Monday, August 11, 2014

Monday roundup (08-11-14)

Quote of the Day:

"For Euroland, the big picture is that the economy is in its seventh year of depression." -- Carl Weinberg, founder of and chief economist at High Frequency Economics. (The Business Insider)

Fed's Fischer calls U.S. and global recoveries disappointing (Reuters) Federal Reserve's vice-chair warns of long-term damage from recession: Stanley Fischer warns lower productivity growth and labour force participation rates are now permanent features of the economy (The Guardian)

A Global Financial Guru Who Predicted the Crisis of 2008 Says More Turmoil May Be Coming: Raghuram Rajan, the governor of India's central bank, fears supereasy money from the world’s central banks is inflating assets and encouraging bad investments (Time)

The Eurozone’s So-Called Recovery Is a Bust (The Fiscal Times)

Sanctions will deepen euro area deflation (CNBC)

Growth and Inflation In America: Why Deflation Is Going to Burst Through (The Market Oracle)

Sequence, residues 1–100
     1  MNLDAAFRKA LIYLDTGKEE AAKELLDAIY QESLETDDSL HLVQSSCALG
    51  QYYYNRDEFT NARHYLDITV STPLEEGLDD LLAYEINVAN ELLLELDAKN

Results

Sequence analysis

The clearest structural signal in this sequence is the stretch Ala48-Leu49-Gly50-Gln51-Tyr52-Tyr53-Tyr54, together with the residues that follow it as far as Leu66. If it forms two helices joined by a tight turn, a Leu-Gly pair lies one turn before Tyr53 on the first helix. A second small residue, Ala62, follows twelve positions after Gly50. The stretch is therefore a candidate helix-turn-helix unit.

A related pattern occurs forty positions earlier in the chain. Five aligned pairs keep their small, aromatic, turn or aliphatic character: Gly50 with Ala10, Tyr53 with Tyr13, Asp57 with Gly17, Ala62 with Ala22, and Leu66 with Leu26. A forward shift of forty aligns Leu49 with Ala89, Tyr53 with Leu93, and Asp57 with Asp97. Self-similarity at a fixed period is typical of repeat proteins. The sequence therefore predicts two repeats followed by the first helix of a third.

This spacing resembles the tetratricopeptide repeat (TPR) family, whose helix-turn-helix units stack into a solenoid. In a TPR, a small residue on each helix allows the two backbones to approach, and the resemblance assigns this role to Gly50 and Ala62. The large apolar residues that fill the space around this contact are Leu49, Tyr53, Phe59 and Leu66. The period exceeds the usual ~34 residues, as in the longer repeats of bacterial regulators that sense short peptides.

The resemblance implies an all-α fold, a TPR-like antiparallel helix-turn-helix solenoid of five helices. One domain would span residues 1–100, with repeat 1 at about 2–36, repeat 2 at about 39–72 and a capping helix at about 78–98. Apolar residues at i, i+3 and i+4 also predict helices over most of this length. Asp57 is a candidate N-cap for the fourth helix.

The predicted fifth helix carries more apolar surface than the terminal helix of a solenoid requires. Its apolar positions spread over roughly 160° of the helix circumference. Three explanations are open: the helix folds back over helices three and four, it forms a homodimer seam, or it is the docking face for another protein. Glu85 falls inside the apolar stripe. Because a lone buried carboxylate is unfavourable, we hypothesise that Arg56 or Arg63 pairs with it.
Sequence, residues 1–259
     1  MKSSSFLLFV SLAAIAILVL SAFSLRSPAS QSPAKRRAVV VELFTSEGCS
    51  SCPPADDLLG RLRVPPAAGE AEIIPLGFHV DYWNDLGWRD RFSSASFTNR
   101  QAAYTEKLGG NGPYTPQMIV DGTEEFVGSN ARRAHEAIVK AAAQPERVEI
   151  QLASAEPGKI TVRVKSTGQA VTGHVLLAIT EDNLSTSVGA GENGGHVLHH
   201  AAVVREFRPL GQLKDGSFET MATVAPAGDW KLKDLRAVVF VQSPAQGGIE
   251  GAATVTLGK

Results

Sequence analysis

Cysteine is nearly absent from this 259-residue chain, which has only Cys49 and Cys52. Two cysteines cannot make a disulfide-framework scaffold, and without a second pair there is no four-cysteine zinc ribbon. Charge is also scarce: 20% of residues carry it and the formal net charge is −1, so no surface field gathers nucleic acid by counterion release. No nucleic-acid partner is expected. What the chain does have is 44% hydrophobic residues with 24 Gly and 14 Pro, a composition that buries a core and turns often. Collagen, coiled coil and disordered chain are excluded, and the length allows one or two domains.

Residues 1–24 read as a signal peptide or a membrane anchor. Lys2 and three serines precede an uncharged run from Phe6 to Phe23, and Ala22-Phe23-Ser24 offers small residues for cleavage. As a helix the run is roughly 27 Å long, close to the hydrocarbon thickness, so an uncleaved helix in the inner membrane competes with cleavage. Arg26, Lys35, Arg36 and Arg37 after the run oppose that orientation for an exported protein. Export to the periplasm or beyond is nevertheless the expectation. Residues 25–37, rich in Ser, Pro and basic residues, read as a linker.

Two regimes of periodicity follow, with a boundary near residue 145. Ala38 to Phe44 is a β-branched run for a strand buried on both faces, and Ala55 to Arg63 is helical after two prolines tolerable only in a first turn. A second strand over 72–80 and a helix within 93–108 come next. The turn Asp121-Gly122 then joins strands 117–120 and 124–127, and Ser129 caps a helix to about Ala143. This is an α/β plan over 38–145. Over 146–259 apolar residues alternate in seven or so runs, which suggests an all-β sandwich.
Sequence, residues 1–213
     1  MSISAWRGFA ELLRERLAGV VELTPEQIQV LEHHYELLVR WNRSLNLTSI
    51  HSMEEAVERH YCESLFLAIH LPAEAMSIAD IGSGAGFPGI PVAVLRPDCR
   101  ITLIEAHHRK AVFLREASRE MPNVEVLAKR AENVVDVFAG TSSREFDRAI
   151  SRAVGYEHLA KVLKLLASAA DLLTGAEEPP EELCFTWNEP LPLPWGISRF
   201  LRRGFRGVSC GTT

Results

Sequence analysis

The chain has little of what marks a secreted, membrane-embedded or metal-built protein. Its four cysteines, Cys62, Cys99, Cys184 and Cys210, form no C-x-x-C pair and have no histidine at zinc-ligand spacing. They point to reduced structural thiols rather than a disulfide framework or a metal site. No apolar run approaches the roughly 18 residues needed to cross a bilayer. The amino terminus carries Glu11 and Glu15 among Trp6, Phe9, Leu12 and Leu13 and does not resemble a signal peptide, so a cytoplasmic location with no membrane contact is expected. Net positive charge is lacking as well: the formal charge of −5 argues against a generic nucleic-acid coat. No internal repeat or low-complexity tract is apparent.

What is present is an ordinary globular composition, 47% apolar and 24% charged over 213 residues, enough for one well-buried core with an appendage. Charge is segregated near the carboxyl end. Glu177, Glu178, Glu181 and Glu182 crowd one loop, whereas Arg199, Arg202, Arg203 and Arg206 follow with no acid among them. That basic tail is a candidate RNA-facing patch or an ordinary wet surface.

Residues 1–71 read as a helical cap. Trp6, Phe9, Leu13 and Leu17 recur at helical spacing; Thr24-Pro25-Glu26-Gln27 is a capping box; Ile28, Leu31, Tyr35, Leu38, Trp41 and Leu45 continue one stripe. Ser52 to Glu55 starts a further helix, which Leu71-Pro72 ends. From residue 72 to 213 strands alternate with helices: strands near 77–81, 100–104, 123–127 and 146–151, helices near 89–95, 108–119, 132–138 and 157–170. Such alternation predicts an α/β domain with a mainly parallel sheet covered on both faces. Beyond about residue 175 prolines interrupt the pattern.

This Stanford Economist Has Obama's Attention — And It's Causing A Wall Street Freak-Out (The Business Insider) When She Talks, Banks Shudder (The New York Times) We’re All Still Hostages to the Big Banks by Anat R. Admati [Aug. 23, 2013] (The New York Times) Seeing through "the banker's new clothes": Anat Admati at TEDxStanford [May 20] (Youtube)



[Counter view:] The era of the mega-bank is over - it's time to let them fail: By seeking to beef up capital to prevent failure, regulators only further reduce the propensity to lend - just look at the devastating effect this is having on Europe (The Telegraph)

Postal Service loses $2 billion in second quarter (Reuters)

For largest U.S. companies, jobs growth has lagged profits, revenues (Reuters)

As "Housing Recovery" Fizzles A New Scheme Emerges: Boost FICO Scores By Changing The Definition (ZeroHedge blog)

California Drought Transforms Global Food Market (Bloomberg)

L.A. Faces $15 Billion Bill as Pipes Spring Leaks: Cities (Bloomberg)

Print Is Down, and Now Out: Media Companies Spin Off Newspapers, to Uncertain Futures (The New York Times)

     The aim of this blog is to show (mostly from reports in mainstream respected news sources) that there is reason to believe that both the United States and the global economies remain fragile in the wake of the financial crisis of 2008 and that a number of threats exist today that could, if they worsened, bring about economic depression -- not just a minor depression, but a depression worse than the Great Depression. Key threats include excessive risk-taking by financial firms, unchecked by effective regulation; the continued existence of "too big to fail" institutions; and most especially, the amassing of levels of public and private debt which could become unsustainable.

No comments:

Post a Comment